The Complainant asserts that the Domain Name at issue is confusingly similar to the trademark SWAROVSKI owned by the Complainant, since the Domain Name at issue incorporates a slightly misspelled version of the Complainant’s name and trademark, interchanging the order of the letters “o” and “v”. Notwithstanding this situation, the dominant and obvious impression of the Domain Name at issue is that it is virtually identical with the Complainant’s name and trademark, which is registered in various jurisdictions. Also, the Complainant asserts that the Respondent has no rights or legitimate interests in the Domain Name at issue, since on line searches on February 2, 2006, of the trademark registries of the Hong Kong Intellectual Property Department, Singapore Intellectual Property Office, United States Patent and Trademark Office, United Kingdom Patent Office and WIPO, show that the Respondent neither owns nor has applied for any trademark or service mark registrations encompassing the Domain Name at issue, or any variations thereof, in those respective jurisdictions. Finally, the Complainant alleges that the Respondent registered and used the Domain Name at issue in bad faith, since the Respondent intentionally attempted to attract for commercial gain, internet users to the Respondent’s website or other online locations, by creating a likelihood of confusion with the Complainant’s mark as to the source, sponsorship, affiliation or endorsement of the Respondent’s website or location or of a product or service on the Respondent’s website or location.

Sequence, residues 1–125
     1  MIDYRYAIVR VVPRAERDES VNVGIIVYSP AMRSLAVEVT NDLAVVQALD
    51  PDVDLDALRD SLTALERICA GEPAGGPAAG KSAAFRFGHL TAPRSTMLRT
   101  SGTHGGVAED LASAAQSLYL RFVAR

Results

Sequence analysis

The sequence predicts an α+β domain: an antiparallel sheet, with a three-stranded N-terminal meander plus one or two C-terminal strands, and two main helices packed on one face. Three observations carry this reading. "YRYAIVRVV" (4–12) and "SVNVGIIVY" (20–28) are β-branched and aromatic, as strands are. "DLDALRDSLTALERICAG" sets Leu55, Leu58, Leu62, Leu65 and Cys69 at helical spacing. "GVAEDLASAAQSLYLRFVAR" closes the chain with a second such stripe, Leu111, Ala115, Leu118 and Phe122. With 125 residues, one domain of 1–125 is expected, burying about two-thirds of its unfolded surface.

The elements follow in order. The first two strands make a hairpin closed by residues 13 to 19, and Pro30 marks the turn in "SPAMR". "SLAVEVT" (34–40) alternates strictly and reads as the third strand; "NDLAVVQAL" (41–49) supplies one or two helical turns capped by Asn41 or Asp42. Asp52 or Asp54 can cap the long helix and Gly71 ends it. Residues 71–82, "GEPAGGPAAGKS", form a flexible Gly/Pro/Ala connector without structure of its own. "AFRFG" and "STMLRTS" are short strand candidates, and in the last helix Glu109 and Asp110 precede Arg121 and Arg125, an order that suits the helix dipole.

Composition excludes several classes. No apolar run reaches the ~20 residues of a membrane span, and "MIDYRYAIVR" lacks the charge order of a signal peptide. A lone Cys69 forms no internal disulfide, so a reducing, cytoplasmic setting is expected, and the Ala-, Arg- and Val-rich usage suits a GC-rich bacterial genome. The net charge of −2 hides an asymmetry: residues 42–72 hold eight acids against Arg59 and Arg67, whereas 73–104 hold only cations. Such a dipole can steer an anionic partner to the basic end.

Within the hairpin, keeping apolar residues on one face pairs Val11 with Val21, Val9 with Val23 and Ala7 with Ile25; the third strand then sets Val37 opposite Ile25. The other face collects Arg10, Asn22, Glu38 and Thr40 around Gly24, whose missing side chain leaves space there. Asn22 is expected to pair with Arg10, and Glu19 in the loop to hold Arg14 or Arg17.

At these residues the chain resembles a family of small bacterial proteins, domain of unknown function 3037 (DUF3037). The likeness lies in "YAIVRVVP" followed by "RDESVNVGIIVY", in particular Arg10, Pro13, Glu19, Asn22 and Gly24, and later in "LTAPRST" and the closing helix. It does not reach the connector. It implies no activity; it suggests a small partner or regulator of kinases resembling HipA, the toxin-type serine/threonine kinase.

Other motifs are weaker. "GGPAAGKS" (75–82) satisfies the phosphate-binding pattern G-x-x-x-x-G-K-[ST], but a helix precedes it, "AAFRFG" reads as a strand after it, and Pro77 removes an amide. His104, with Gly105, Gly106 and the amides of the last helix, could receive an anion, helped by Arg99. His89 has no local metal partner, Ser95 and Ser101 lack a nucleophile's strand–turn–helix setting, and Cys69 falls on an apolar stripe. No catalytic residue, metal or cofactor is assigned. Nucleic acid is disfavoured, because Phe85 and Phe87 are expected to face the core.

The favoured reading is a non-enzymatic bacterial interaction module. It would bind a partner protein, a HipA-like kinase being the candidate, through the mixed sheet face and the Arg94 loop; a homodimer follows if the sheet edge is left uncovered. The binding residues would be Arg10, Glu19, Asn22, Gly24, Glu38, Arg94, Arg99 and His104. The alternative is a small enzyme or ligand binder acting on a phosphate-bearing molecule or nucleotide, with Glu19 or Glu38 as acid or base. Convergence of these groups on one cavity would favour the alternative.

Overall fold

B. Respondent